Wokingham Times

As I listened to the Secretary of State for Transport’s statement on new investment for the railways just before Parliament broke up, I thought it was about to time to renew Wokingham’s bid for better treatment from the railway industry. I was promised by Network Rail that the new station contract would be let early this year. There is still no sign of ink on paper. I have had another go to find out why they misled us, and why there is still no positive news. This time they have promised me they will sign the contract and get underway in September. I have been given so many promises they have broken, that I wonder if it’s even worth repeating. Let’s hope this time they mean it.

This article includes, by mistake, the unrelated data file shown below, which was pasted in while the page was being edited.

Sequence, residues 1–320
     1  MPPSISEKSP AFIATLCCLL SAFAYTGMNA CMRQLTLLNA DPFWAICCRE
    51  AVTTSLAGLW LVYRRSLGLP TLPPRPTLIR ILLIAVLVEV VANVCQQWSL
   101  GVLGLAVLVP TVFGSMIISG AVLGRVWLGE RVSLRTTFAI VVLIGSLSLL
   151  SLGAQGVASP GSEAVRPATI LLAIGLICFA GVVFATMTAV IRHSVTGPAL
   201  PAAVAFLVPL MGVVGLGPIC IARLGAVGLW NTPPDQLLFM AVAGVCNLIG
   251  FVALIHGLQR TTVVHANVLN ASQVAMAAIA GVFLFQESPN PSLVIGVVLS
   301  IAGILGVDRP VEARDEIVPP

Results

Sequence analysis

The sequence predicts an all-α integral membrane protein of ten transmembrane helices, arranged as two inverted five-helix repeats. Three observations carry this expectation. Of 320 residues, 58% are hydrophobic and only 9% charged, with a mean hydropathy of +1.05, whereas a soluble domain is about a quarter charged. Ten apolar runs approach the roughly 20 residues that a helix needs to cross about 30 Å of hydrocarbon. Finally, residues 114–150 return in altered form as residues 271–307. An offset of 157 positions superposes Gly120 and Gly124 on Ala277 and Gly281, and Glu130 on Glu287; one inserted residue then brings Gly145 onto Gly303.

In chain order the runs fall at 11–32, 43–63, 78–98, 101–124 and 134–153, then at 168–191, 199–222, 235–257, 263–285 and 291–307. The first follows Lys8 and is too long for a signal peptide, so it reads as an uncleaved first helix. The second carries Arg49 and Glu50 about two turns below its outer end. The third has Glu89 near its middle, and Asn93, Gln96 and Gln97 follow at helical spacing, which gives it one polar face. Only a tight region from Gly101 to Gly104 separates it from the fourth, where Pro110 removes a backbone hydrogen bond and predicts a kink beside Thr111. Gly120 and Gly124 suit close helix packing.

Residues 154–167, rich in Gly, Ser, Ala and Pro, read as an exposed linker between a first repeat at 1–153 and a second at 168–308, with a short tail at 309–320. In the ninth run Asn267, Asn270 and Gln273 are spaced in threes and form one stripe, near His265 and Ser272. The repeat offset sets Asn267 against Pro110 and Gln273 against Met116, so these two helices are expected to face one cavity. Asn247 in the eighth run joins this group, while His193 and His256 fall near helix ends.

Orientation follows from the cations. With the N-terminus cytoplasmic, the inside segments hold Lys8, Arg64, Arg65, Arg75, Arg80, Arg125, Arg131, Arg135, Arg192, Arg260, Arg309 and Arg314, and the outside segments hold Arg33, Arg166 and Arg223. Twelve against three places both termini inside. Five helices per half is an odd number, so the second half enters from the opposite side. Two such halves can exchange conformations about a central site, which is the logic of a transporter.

Network Rail has plenty of money to subsidise its activities and to pay for capital works. A lot of money has been spent by the railway, by the central government and by Councils on rebuilding and strengthening many bridges over the tracks, following worries that cars and other vehicles might get onto the railway by accident without major new works. Now there is to be a fund to replace level crossings with bridges or with stronger barriers. I am all in favour of tackling the safety issues around level crossings. At the same time it would be a good idea to cut the congestion the railway causes on many road systems, with too few bridges and with tail backs from crossing gates. I am pressing for Wokingham constituency to be a beneficiary of that money. We have three level crossings in Wokingham, and one inadequate bridge which is too low for many lorries unless they use the middle of a narrow road to get under. The railway creates much of the traffic congestion. Better crossings would ease the strain on the roads, and make the railway safer and faster. The Council has a line for a new bridge to take much of the north-south traffic, as part of its wider plans for the town. In the West Berkshire part of my constituency there is the Ufton Nervet level crossing to change, as that has been a killer on more than one occasion in recent years.